Elfcups are spring cup fungi that brighten our late winter woodland floor with their attractive fruiting bodies. They grow, often in troops, on rotten fallen twigs of broad-leaved trees. Previously thought to be one species, it has recently been discovered that there are two, only separated by details of the spores. Scarlet Elfcup (Sarcoscypha austriaca) appears to be commoner than Ruby Elfcup (Sarcoscypha coccinea).
Autumn is here. Trees are colouring and their leaves beginning to fall, the Fallow deer rut has begun in the Forest, and toadstools are appearing in good numbers. Fly Agarics are splendid if you can find them before the slugs reach them. After heavy rain the white warts on the cap can be washed off making the fungus look like a different species.
This common gelatinous fungus, often found on the dead branches of Elder, can be found at all times of the year. The top of each fungus is often smooth, but after recent frosts these have become folded and wrinkled. They are usually soft and rubbery in texture. but when very dry they can become hard and brittle. Long ago they were collected and used in the treatment of sore throats.
This small (6mm) attractive beetle is, in fact, a type of Rove Beetle, although it doesn’t look like most of the staphylinids. It feeds on fungi, particularly bracket fungi, and may be found between April and August.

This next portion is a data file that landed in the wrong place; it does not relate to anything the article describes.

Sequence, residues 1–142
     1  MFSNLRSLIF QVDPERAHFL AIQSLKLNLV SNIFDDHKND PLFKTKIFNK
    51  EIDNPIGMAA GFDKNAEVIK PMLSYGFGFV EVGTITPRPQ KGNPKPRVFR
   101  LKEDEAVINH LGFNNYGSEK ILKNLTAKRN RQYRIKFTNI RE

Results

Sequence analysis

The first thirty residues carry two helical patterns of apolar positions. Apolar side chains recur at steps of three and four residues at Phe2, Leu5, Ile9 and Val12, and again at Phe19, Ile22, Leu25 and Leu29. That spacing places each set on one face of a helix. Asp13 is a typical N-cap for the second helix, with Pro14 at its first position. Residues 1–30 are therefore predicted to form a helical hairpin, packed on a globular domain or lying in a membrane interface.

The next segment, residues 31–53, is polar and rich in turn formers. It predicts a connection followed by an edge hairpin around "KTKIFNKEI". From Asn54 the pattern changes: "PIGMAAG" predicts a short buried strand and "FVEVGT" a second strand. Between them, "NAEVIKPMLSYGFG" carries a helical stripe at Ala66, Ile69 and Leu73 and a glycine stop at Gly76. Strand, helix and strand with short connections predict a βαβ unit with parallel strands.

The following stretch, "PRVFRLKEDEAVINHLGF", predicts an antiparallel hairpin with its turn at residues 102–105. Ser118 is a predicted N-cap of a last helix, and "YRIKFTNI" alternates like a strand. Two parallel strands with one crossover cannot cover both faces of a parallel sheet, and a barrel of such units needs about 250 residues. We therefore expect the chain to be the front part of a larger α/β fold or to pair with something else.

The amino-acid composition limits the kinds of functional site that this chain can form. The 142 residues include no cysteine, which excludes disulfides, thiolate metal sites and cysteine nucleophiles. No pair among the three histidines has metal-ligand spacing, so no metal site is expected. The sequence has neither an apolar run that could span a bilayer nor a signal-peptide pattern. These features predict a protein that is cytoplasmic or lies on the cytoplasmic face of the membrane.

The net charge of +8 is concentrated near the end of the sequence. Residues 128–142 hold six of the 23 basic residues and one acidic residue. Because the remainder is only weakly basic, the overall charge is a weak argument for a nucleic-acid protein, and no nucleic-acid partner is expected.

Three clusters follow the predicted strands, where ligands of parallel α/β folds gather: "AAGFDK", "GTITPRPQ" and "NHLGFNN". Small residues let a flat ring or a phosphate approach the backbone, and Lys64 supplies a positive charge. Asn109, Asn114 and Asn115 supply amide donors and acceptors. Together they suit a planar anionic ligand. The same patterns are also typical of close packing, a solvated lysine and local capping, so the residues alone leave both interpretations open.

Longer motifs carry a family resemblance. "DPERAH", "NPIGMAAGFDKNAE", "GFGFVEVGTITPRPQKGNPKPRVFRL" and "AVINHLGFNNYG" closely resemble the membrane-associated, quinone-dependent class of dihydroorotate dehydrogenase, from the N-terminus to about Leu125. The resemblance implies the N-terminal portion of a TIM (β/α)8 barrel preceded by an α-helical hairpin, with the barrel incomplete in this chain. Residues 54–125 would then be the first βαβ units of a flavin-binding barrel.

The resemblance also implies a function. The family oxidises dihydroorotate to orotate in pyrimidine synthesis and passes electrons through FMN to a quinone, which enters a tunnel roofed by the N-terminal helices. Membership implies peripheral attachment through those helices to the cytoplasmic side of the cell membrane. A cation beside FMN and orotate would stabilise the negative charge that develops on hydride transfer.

We were surprised to see this Dog Stinkhorn fungus in New Parks recently. Over 60 ‘eggs’ were counted – they were smaller than those of the more commonly found Stinkhorn (Phallus impudicus), and looked a little like the eggs of a Grass Snake. The slime at the top of the stem contains the spores which are dispersed by flies that are attracted to the fetid smell.
This lovely fungus Calocera viscosa on an old conifer stump in Postensplain made us realise that autumn was coming to Wyre!
This is a resupinate fungus that can join tree branches together as seen here on Hazel, its most common host. The black colouration is actually a waterproof coating to the fungal mycelium which grows from infected dead wood to an adjacent living branch. It is the only example of its kind in the UK. The fruiting body is brown in colour and spores are released through pores. These photographs were taken in the Betts Reserve on 6 February 2013.